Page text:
Three passengers sit aboard a train heading south from Seoul to Chuncheon. They’re pressed shoulder to shoulder, but the selectiveness of writer-director Jang Woo-jin’s framing leaves the crowdedness of the cabin up to assumption. Two of the passengers, Heung-ju (Yang Heung-ju) and Se-rang (Lee Se-rang), chat about the difficulty, in middle age, of staying in touch with old friends. The third, Ji-hyeon (Woo Ji-hyeon), sits quietly alongside them, occasionally fidgeting in his seat and, at one point, getting up to conduct some business off screen. Significantly younger (the audience later learns that he’s a recent college graduate), Ji-hyeon could be forgiven for having no interest in his neighbors’ routine pleasantries, but his silence makes as much of an impact as the discussion happening adjacent to him.
This is the disarming in media res opening to Autumn, Autumn, a film which forgoes a title card until midway through its runtime. When that card comes, an entire story has already been told, though not the one we’d expect after the introductory scene. Jang’s first cut away from the train—the film unfolds in 40 or so lengthy single-shot sequences—connects us to Ji-hyeon, rather than the older pair, as he ascends an escalator out of the train station. On his way up, he crosses paths with an old friend whose name he can’t recall, and the ensuing scenes detail his time wandering around a sleepy, overcast Chuncheon—a “shithole” in his eyes—while scavenging for odd jobs and contemplating whether or not to reconnect with his comrade from the past.
If conventional narrative cinema grammar has trained us to understand scenes taking place prior to the broadcasting of a film’s title as build-up to the story proper, a whetting of the palette for the more significant events to come, then how do we negotiate the import of Ji-hyeon’s tale, remarkably slight as it seems? This is just one of the gentle perplexities of Autumn, Autumn, a deft realist miniature that operates as both a record of everyday spaces and a document of the emotionally charged, albeit ephemeral, human dramas that pass through them. When the film abandons Ji-hyeon after its delayed title card to resume a different narrative thread, it becomes apparent that Jang’s conception of storytelling isn’t linear but delicately cubist, and rooted less by human agency than by a fixed time and place.
The film is a record of everyday spaces and the emotionally charged human dramas that pass through them.
Autumn, Autumn’s second half rewinds to follow Heung-ju and Se-rang, who we gradually learn, through an infinitely subtle chain of dialogue cues, are on their first date after partaking in a prolonged online acquaintance. Over the course of their shared afternoon and evening, Heung-ju and Se-rang find themselves in many of the same locations that Ji-hyeong occupied earlier in the film: the train station escalator, a lookout point near the town’s Soyang Dam, a ferry, and Cheongpyeong Buddhist Temple. They also enjoy a pair of meals, one on the patio of a bibimbap joint overlooking the water and one in a modest café flooded with fluctuating natural light, that each run on screen for more than six minutes—durations handled by Yang and Lee with an unwavering commitment to the shifting dynamic between their characters.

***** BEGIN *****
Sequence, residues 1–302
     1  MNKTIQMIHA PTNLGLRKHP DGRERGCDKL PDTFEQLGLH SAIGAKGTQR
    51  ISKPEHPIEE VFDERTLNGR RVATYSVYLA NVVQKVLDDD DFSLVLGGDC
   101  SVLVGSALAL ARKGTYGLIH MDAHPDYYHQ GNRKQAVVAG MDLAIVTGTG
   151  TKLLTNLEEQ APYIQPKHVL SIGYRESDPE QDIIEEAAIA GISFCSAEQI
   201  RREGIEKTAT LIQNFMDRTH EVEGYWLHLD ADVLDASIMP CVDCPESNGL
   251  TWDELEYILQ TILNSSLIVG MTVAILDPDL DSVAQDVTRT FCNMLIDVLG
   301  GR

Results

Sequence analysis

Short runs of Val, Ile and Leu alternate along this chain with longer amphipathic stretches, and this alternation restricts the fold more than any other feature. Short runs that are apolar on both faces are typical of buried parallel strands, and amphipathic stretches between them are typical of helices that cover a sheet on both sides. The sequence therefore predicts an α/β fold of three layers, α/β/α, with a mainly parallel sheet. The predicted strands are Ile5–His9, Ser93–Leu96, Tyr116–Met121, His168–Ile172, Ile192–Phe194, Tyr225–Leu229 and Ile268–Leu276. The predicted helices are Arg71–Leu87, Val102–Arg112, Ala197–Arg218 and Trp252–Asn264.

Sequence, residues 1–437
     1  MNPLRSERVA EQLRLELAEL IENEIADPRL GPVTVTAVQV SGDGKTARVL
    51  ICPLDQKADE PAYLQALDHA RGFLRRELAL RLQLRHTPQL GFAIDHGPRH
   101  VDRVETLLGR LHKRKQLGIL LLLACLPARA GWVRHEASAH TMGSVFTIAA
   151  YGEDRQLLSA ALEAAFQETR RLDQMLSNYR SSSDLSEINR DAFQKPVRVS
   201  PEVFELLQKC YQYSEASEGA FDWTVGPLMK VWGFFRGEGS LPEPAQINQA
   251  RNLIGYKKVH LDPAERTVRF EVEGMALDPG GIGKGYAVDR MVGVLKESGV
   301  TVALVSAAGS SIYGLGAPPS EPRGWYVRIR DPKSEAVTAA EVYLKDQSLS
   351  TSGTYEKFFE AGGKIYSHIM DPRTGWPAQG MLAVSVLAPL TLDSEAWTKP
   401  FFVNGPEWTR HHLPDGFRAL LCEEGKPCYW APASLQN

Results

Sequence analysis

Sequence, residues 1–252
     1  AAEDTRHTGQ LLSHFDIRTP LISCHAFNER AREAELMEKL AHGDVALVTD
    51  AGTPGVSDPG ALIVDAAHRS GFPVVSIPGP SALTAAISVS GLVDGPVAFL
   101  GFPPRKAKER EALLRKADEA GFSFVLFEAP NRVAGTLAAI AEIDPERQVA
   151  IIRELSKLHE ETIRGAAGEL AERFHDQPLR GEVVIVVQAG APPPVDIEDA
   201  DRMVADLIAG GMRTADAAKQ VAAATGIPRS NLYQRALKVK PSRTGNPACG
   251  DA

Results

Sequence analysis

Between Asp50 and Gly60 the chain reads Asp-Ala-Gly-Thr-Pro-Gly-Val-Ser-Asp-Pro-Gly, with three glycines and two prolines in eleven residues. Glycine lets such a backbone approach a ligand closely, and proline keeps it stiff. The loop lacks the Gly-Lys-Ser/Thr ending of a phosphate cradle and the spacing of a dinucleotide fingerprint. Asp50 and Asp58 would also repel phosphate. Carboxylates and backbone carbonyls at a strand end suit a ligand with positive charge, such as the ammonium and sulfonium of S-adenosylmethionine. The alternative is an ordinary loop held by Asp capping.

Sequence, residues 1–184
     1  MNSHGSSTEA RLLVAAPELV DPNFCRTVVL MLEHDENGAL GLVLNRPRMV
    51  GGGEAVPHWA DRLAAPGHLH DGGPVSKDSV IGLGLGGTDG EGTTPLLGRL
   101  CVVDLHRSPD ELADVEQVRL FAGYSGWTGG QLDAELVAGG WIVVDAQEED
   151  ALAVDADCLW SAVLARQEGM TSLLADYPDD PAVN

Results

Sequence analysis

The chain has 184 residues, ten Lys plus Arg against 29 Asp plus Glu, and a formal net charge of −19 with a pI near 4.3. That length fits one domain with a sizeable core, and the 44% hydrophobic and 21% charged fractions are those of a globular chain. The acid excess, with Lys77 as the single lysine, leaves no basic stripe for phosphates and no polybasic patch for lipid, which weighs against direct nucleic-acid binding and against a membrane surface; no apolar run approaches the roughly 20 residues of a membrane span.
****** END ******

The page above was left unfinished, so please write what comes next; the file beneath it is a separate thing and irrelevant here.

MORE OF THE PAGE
By now, the resemblances between Autumn, Autumn and the films of Hong Sang-soo should be self-evident: the bifurcated structure, the pared-down mise-en-scène, mealtime as a default set piece. Jang’s vision, however, differs in a few crucial ways. For one, the director downplays the echoes across the film’s two halves by using different camera angles to introduce the rhyming locations. Similarly, in the first half, when Ji-hyeon stops to observe a preying mantis, the camera joins him, whereas Heung-ju and Se-rang only mention in passing the presence of the same bug out of our view at their lunch table.
Furthermore, Jang hits a chord of mortification that’s more restrained, and ultimately more dismaying, than what fuels Hong’s work. Instead of the squirmy comic foibles of Right Now, Wrong Then or The Day He Arrives, audiences are offered hesitantly executed stabs at connection that cascade into pockets of silence or sidetracking small talk in which tiny details speak volumes: In the climax of the second half, it’s a stroke of genius how Lee covers her mouth as her character smiles—a gesture that belies depths of unacknowledged discomfort. Autumn, Autumn isn’t as accomplished as the aforementioned films, as there’s too much meandering filler padding out its keystone moments of character building. But with a bit more honing of his craft, it’s easy to imagine Jang turning the diverting poignancy of this snapshot into something genuinely devastating down the line.